Have never heard of anyone putting chicken stock into marinara sauce! NO!

                                  1. re: josephnl

                                    Really. Nothing is needed. Marinara is a very simple sauce. And why water it down with stock?

                                2. Alcohol is very often used in tomato-based sauces. For two basic reasons: to release the tomato's flavor components and to add flavor.

                                  Here's Shirley Corriher on the subject of alcohol and tomatoes:


                                  The popularity of Bloody Marys indicates that alcohol and tomatoes have some affinity. From a flavor perspective, for hundreds of years chefs have used wine to deglaze pans. Some flavor components dissolve in water, some in fat and some in alcohol. If the sauce in a dish is fat-free, there is nothing to dissolve the fat-soluble flavors and they remain locked in the food. This is why a fat-free dish may taste completely bland, while a dish with even a tiny bit of fat to dissolve and carry flavors may be quite flavorful.

                                  Alcohol has the great advantage that it dissolves fat and water and some flavor components that neither fat nor water can dissolve. Cooks know that a small amount of alcohol can make a huge flavor difference. Cookbook author Patricia Wells once asked me why a little vodka made such a difference in the taste of tomato sauces.

                                  Vodka itself does not have a lot of taste and the sauce is frequently boiled 10 minutes or more after the vodka is added. There are flavor components in tomatoes that dissolve in alcohol. Once the alcohol has dissolved and released the flavors into the sauce, it doesn't matter what happens to it. It has done its job. That teaspoon or tablespoon of sherry added to the soup can mean a lot flavorwise."

                                  3 Replies
                                  1. re: C. Hamster

                                    Agreed. I generally add a splash of white wine to any plain tomato sauce I make, a bit of red if said sauce includes meat. Unless you add a ton, you don't taste it, but it does unlock those alcohol-soluble flavors.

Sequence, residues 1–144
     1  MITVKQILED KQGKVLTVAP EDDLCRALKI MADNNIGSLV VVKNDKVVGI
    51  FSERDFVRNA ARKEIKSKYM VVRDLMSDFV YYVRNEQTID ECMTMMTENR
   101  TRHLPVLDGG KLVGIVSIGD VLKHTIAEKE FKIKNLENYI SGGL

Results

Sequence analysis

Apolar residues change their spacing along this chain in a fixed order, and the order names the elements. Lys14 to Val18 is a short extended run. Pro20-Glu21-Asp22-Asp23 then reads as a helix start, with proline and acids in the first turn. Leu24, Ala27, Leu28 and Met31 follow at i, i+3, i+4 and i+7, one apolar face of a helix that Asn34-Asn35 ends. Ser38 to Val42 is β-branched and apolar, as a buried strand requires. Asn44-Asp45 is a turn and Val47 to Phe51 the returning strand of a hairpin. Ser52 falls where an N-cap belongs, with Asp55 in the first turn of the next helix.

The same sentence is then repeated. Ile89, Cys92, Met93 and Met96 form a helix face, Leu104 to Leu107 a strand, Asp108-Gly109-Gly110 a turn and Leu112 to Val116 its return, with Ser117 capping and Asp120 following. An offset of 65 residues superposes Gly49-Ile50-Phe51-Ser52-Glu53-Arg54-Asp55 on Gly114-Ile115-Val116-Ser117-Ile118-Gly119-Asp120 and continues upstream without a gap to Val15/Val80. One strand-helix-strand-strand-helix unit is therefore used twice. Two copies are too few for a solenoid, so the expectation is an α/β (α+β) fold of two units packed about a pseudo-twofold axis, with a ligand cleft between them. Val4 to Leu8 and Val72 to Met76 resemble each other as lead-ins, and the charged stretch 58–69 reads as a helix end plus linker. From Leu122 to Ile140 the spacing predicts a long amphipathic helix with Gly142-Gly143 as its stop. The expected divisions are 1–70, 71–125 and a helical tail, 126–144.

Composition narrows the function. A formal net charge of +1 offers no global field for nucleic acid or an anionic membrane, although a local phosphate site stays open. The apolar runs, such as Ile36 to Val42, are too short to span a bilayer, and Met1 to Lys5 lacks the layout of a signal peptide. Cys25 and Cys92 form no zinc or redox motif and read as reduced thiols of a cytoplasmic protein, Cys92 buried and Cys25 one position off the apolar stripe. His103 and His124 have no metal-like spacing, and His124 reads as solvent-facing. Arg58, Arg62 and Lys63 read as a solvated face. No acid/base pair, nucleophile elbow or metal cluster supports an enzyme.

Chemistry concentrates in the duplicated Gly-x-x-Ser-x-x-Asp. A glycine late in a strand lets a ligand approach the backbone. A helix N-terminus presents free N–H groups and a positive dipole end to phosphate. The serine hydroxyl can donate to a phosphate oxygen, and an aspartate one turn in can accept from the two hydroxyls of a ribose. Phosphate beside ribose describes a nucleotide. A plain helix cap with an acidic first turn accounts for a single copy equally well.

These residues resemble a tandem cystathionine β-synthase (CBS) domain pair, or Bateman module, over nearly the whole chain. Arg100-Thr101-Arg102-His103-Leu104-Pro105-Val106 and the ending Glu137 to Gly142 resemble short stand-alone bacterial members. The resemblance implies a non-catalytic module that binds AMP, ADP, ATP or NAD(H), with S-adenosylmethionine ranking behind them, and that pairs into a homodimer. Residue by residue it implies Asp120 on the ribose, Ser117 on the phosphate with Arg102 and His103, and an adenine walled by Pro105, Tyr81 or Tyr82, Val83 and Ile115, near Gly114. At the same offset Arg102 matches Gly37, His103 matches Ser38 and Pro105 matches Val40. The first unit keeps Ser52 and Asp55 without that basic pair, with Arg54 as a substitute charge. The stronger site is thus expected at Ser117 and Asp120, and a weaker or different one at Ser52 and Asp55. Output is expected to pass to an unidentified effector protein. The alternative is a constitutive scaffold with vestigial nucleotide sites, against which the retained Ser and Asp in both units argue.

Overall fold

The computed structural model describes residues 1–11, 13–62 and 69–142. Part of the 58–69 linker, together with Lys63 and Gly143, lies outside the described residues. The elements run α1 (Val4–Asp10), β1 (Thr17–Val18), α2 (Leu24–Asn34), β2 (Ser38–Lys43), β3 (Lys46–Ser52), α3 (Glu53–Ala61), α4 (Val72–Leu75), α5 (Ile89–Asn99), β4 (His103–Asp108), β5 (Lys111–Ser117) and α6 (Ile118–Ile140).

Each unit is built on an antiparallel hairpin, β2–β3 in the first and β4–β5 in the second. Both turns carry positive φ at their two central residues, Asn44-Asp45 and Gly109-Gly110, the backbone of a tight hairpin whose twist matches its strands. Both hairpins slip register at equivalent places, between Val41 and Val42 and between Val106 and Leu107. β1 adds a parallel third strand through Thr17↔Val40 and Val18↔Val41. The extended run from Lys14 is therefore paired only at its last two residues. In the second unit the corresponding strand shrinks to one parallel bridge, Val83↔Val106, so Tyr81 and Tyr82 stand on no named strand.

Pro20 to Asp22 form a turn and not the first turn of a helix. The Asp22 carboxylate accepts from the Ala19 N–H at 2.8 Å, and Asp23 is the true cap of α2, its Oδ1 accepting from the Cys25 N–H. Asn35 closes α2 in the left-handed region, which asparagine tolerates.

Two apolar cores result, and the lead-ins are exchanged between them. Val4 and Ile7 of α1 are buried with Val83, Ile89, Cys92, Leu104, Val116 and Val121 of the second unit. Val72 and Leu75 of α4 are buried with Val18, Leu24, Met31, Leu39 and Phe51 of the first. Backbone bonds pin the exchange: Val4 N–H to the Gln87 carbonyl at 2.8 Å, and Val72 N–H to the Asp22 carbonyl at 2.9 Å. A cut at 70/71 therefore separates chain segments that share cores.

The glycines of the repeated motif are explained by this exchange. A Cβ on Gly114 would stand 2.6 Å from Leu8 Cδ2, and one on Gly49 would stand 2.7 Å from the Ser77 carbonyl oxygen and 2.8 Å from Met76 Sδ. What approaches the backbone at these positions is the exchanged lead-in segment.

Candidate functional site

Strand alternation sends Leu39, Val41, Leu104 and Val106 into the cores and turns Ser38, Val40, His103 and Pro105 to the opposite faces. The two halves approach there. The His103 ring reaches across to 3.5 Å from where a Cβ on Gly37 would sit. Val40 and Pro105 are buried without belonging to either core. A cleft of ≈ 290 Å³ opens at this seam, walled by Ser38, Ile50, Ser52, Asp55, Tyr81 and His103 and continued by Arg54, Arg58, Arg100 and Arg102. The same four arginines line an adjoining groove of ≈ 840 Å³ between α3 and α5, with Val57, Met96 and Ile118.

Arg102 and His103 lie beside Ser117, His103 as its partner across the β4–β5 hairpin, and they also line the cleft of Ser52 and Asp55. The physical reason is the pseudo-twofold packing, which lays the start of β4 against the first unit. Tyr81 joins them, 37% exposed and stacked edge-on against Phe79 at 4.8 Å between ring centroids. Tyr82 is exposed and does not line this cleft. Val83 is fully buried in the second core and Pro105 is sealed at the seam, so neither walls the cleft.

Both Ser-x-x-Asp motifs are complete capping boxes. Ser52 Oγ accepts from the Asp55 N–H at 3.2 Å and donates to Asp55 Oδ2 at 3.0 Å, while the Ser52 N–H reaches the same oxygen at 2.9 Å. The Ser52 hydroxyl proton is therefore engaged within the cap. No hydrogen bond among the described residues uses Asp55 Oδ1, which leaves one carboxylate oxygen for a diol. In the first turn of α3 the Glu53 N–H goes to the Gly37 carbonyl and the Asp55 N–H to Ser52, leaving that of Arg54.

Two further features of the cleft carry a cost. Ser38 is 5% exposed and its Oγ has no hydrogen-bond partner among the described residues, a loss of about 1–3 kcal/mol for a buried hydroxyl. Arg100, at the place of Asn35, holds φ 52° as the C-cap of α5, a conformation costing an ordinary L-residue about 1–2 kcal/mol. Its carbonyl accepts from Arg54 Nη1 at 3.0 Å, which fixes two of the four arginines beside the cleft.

1. re: C. Hamster

                                      that's a nice write up - explains things quite simply, Why "free" foods are always so awful.

                                      1. I don't know who or what you are googling, but there is no wine in traditional marinara sauce. According to the Italian cooking teachers I know it's basically tomatoes cooked down. No garlic, either.

                                        1 Reply
                                        1. re: ChefJune

                                          Herbs? Salt?
                                          So basically a warm tomato salsa sans anything but tomatoes?

                                          Circa 1650 italian books have it documented as more of a warm tomato "salsa" than sauce so that makes sense per what I have read.

                                          In the end, it's history and true roots have many fingers so to say, and several tales give conflicting information about its true origin.

                                          Then you get into pure Italian vs. Italian-American roots and changes to that recipe to confound things.

                                          The OP asked re: wine, not about the true source and history of the original recipe nor trying to recreate a 15th century version. Or that was my take.

                                          Can you leave wine out? Sure.
                                          Will you loose flavor as a reslut? Likely yes unless you choose to sub in a similarly acting ingredient, the reasons listed above.

                                          The sauce will be fine wthout wine and please report back your resulting dish along with findings along with those from your co-diners and what cooking waypath you used be it recipe, wing-it or devine intervention.

                                          I'm quite curious indeed.